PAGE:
“Expenditure increases to meet income”
– Parkinson’s second law
I have written in the past about how companies like Snapchat have a market cap of $17 billion but lose hundreds of millions every month. His CEO gets millions of dollars as bonus while his company is bleeding money. The goal is to pump as much money as possible into growth, reinvesting all profits, so as to hopefully one day become a capitalist giant that can hold onto any future competition. The problem is that maybe 0.1% of companies are successful just like that. This was the standard business model in Silicon Valley for the past 20 years, but it’s starting to lose steam.
I also wrote about how my CEO, who sold his company for $30 million in the middle of the pandemic, ran out of investors’ money a year before that. His company was making millions in annual recurring revenue, but between salaries, office costs and other expenses, we were still negative.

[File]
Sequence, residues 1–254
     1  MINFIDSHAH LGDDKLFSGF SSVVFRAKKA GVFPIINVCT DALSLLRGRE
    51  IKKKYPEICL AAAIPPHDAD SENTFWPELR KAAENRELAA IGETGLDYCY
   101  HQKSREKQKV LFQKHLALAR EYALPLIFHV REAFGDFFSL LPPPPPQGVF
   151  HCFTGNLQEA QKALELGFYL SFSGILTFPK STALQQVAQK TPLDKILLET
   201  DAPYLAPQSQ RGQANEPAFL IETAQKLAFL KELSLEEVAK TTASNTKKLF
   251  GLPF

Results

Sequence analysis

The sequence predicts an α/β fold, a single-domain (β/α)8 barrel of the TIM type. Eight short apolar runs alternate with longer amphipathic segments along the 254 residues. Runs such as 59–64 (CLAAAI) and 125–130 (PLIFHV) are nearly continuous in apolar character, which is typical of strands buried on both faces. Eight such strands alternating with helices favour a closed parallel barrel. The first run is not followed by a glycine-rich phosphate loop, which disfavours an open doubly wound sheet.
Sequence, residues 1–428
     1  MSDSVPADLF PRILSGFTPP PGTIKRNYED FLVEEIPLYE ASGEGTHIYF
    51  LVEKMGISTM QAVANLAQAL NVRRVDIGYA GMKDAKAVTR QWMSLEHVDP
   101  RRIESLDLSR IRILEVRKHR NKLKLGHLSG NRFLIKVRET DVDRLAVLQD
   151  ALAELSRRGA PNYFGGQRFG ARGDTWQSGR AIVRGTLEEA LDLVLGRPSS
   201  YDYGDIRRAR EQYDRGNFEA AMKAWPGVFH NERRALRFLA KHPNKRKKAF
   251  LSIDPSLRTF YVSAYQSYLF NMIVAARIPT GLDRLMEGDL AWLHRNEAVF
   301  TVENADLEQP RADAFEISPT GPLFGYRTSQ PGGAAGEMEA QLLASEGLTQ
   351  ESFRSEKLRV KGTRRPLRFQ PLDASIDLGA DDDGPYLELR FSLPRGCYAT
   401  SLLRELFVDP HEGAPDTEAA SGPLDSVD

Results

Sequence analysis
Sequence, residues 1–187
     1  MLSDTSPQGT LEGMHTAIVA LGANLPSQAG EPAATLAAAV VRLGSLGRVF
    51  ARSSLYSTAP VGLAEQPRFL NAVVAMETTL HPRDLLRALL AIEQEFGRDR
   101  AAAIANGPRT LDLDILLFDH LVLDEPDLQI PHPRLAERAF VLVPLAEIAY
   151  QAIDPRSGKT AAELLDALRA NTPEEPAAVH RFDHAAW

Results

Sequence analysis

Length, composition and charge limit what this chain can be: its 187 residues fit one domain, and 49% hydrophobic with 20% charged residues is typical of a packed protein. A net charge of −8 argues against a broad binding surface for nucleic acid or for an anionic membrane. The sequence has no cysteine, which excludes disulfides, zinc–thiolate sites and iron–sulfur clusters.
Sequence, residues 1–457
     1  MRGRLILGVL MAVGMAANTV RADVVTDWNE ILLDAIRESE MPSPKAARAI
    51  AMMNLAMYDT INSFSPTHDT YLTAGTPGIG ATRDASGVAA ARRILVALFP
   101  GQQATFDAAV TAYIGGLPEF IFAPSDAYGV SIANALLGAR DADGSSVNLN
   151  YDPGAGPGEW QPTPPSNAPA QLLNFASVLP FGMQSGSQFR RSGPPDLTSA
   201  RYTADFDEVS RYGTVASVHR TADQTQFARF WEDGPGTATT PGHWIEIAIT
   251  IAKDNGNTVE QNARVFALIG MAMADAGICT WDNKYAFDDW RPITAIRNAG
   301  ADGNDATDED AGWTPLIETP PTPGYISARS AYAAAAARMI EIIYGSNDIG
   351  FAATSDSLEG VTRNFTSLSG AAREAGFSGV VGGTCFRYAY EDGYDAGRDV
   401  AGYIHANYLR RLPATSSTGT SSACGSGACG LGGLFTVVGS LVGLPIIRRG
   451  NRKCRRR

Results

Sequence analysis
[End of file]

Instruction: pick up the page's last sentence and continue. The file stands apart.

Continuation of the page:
I just started making my first serious money online about 3 years ago. Since then, I’ve focused on expanding my business, and that means investing the money I make back into growth. The problem with this approach is the same that faces Snapchat or my CEO’s business, albeit on a lesser scale: If you’re not careful and cover expenses with income, you’re not making a dime.
Later, I came to know that it is about risk management. Like your personal finances, you don’t have to spend everything you own as a business, you can set up an account to keep some money, to reward yourself when it’s worth it, or simply. Trade to increase your value. I always ask myself if I really need something I want to buy or not. It’s all too easy to justify any purchase as a “business expense” when you make a lot of money through your business. A computer here, a tablet there, a new phone…
The more people earn, the more they spend, but the secret of wealth is just the opposite:
Remember to spend less, earn more and enjoy the journey.